How to be anonymous online

man staying anonymous online

With online data breaches happening almost daily, it’s natural to want to protect your privacy completely. But for most, the technological steps needed to do so are impractical.

Which is why you may be better off aiming to be anonymous online rather than completely private. The concepts may sound similar, and are certainly related, but being anonymous online is much easier to achieve, so is more likely to become habit.

So, what’s the difference?

Put simply, privacy online refers to stopping people collecting your personal data and tracking your activities.

Being anonymous online isn’t so much about avoiding being tracked (which is virtually impossible) but about making it harder for data collectors to know that it’s you they’re tracking.

It’s a subtle but important distinction that plays out in a number of different ways. Consumer group CHOICE lists a number of ways you can stay anonymous online.

Stop using your real name online

This might sound obvious, but if you don’t want your online activity being attached to you, stop attaching your real name to it.

You might have noticed friends on Facebook who aren’t listed under their real names, or a slightly altered version of it. Or the millions of anonymous Twitter accounts chattering constantly.

While some people might be hiding their identity for nefarious purposes, it’s also a very effective way to cut down on the amount of data companies can attribute to you. There are also very real personal safety reasons for not using your real name online.

Don’t use the same email address for everything

If you use the same email address for every website or service you sign up for, this provides a way for companies to ascertain that it’s the same person behind various accounts. This is especially true if the services are owned by the same company.

If you’re trying to achieve online anonymity, set up a few different email addresses (that don’t include your real name) with various email providers to use with different sites and services. This will slow down your identification at the very least.

Messaging apps

The vast majority of messaging apps are not completely private, despite assertions to the contrary. If the app doesn’t use end-to-end-encryption (E2EE), then the company that owns the app can read all your conversations and record any activity.

The SMS messages you send from your phone are not encrypted, and can be read and stored by your mobile provider. They also pass through a large number of servers and towers before reaching their final destination, giving hackers lots of points at which to intercept the message.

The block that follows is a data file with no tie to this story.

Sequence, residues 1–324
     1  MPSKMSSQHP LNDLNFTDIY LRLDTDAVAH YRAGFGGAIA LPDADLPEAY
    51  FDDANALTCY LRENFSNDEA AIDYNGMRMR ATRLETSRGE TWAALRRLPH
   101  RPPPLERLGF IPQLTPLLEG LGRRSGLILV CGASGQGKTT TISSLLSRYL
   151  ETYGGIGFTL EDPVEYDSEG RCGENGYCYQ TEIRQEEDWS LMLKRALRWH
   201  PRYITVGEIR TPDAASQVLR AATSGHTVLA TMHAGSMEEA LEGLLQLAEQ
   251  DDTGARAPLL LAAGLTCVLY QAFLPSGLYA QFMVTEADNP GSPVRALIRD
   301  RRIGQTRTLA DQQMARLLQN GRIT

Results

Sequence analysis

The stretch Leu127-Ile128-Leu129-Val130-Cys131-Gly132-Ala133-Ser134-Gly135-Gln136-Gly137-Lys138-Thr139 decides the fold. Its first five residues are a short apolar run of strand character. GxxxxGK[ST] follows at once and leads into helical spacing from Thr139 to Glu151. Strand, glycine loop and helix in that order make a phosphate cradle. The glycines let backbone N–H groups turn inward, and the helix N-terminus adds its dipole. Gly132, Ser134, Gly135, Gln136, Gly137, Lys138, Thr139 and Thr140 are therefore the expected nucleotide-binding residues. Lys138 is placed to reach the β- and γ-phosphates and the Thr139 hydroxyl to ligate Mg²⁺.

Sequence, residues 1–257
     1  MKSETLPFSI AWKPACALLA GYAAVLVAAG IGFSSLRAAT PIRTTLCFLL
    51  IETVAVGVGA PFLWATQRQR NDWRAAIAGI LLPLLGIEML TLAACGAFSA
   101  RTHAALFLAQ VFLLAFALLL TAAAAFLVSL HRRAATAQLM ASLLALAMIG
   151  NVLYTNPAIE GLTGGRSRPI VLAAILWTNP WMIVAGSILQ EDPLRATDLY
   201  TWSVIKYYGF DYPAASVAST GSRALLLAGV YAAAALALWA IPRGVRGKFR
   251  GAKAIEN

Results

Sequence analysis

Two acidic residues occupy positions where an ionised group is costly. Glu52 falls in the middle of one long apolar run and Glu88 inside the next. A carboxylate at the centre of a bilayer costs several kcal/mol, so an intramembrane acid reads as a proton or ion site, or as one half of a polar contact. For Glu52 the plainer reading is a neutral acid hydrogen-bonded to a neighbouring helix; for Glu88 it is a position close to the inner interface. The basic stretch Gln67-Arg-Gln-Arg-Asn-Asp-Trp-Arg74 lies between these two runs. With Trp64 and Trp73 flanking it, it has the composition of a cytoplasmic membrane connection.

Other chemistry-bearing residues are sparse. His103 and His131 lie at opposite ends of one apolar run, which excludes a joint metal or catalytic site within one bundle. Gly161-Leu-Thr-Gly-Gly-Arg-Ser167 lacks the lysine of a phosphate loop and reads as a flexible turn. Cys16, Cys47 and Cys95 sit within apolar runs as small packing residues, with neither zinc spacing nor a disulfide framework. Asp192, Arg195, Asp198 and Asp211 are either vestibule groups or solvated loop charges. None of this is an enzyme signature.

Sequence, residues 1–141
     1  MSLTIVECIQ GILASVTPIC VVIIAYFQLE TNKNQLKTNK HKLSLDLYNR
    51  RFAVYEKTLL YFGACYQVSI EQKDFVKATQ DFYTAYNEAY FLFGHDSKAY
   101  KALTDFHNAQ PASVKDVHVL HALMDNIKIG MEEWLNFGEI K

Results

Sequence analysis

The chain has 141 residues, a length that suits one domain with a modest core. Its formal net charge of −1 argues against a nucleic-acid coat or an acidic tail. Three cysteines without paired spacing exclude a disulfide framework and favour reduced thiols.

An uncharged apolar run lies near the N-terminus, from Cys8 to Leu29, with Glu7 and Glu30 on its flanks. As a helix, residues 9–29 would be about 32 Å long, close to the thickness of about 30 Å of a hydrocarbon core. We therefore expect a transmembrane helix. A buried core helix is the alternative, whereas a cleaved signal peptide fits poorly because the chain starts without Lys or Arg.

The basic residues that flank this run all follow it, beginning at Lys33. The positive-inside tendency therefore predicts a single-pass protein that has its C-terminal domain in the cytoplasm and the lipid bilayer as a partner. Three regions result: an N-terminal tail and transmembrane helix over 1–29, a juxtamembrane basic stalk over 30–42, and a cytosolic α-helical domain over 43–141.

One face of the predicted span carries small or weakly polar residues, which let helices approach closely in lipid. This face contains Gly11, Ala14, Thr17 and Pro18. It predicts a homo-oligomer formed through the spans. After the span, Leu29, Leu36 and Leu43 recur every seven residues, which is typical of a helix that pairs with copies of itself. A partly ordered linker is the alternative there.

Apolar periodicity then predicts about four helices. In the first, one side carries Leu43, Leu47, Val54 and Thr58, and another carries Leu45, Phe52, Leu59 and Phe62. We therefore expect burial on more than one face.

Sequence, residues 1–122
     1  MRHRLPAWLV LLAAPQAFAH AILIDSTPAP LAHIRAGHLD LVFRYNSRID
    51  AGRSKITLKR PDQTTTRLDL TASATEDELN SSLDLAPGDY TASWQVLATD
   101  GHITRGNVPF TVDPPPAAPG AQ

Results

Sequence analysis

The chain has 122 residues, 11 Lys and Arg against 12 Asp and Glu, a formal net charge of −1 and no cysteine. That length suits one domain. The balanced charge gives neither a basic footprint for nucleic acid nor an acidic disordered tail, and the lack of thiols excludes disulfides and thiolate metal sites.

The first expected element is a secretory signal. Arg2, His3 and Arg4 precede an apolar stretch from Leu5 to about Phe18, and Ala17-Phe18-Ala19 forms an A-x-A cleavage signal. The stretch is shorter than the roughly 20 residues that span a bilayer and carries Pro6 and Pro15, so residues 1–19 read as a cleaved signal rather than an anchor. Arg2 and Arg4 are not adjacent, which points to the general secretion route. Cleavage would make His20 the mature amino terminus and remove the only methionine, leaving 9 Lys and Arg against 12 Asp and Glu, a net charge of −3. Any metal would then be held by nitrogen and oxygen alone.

Consider using a messaging app that uses E2EE by default, such as Signal or WhatsApp. It can sometimes be difficult to convince family or friends to switch to a new messaging app, but the privacy benefits are substantial.

Apple’s iMessage feature does use E2EE – but there’s a caveat. Any iMessages backed up to iCloud are also encrypted, but Apple holds the key to this encryption, meaning it could theoretically access it.

Set social media to private

You can set most social media accounts to private, meaning they’re not visible to the public, only people you have granted access. Obviously, this won’t hide your activity from the company who owns the social media site, but it can protect you from being identified by any third parties.

Also consider the amount of information you give to social media companies. Do you really need to list things such as your location, date of birth or gender? Every piece of information you give makes it just that little bit easier to identify you.

How often do you use your real name online? Do you use the same email address for multiple accounts? Let us know in the comments section below.

Also read: Google Maps tips and tricks you may not know

Written by Brad Lockyer

Brad has deep knowledge of retirement income, including Age Pension and other government entitlements, as well as health, money and lifestyle issues facing older Australians. Keen interests in current affairs, politics, sport and entertainment. Digital media professional with more than 10 years experience in the industry.

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